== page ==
On Advertorial

Blitz Magazine, July 1999

advertorial

I’m standing in line behind two women; mid-30s, middle-class. One reaches into her bag and retrieves a magazine article. She presents it to her friend and says: “Look at this article on cellulite-reducing cream. It says it works.” We all look at the paper. The word ‘Advertisement’ does not appear, but it is clearly advertorial. The friend replies: ‘It’s not an article. It’s advertising made to look like editorial. You can never believe that stuff.’

                Most people know the difference between editorial and advertorial. The ploy works with some consumers but most, when they see the telltale conflicting fonts and absence of by-lines etc., know that the piece was written by the firm’s marketing department or agency. A well-designed ad with some creative juice behind it is much more effective, for the simple reason that advertorial has no credibility. If people know you paid for it, they don’t believe it.

                I’m not talking about contract publishing, which is OK because readers know, when they see a show guide or catalogue, that the enclosed editorial is meant to be self-serving. But it disturbs me to see publications which purport to be journalistic in content print glowing pieces about companies which have paid for that editorial, without telling readers that it’s advertising.

                Another, similar, practice has lately been growing at an alarming rate. A publication says to a corporate president or marketing director: ‘You give us your client list and we’ll do a feature on you. We’ll approach all of your suppliers and sell advertising around your story. We’ll supply the writer, or you can write the article yourself. Either way, you’ll have editorial control.’

                I used to write for a company whose business was based on this practice. The parameters were simple: Say nothing negative or controversial. Speak only to the people on the pre-approved list. Send the article to the client. The client will remove anything objectionable.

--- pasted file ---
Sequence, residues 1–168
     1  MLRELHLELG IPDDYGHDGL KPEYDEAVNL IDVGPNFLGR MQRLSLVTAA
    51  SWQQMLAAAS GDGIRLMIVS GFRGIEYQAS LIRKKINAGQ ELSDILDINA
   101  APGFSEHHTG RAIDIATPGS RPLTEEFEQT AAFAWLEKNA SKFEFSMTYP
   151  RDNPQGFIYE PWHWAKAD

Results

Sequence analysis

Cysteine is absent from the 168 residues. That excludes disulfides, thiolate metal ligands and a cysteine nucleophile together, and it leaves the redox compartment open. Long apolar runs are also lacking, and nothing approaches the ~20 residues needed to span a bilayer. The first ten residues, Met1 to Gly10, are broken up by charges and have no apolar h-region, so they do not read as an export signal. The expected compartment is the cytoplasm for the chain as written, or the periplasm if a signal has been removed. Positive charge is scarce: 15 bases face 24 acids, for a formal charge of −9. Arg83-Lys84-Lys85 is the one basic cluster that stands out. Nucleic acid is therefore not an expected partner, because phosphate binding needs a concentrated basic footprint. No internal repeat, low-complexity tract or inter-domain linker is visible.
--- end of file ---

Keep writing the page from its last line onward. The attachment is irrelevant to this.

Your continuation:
There are three reasons why this practice is disturbing. First, the subject sells his supplier list to the publication. Those suppliers are approached by the publication’s sales reps. While the suppliers may not be overtly pressured, they may feel that they’ll insult the client if they don’t advertise. Their marketing budgets are reduced by what it cost to advertise in a vehicle which may be inappropriate for them; they wind up resenting both the client and the publication.

                Secondly, publications involved in this practice lower themselves to a decidedly unattractive level. When a magazine or newspaper slaps its logo and journalistic reputation onto editorial which it has sold, it receives a short-term profit and a long-term loss of respect amongst both advertisers and readers.

                Finally, today’s savvy readers are not fooled by these artificial ‘articles’. The pieces are not read. The ads are not read. The featured subject loses credibility. The publication loses credibility. People do not read publications which they do not find credible. No readers, no revenue.

                There’s a lot of doom and gloom now about the publishing industry. It seems to me that if newspapers and magazines focused on providing readers with useful and accurate information, rather than on generating short-term monetary gain, everybody would be a lot happier.

 

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